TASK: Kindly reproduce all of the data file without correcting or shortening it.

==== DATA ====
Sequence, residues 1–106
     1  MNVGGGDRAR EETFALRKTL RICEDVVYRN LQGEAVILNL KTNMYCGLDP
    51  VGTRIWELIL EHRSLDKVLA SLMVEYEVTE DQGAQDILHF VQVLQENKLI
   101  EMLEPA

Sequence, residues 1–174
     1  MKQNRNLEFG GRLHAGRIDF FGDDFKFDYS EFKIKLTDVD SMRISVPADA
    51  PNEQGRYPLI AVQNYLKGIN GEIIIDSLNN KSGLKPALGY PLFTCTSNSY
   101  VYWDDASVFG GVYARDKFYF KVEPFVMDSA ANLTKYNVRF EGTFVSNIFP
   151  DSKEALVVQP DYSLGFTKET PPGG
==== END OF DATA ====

Sequence, residues 1–106
     1  MNVGGGDRAR EETFALRKTL RICEDVVYRN LQGEAVILNL KTNMYCGLDP
    51  VGTRIWELIL EHRSLDKVLA SLMVEYEVTE DQGAQDILHF VQVLQENKLI
   101  EMLEPA

Sequence, residues 1–174
     1  MKQNRNLEFG GRLHAGRIDF FGDDFKFDYS EFKIKLTDVD SMRISVPADA
    51  PNEQGRYPLI AVQNYLKGIN GEIIIDSLNN KSGLKPALGY PLFTCTSNSY
   101  VYWDDASVFG GVYARDKFYF KVEPFVMDSA ANLTKYNVRF EGTFVSNIFP
   151  DSKEALVVQP DYSLGFTKET PPGG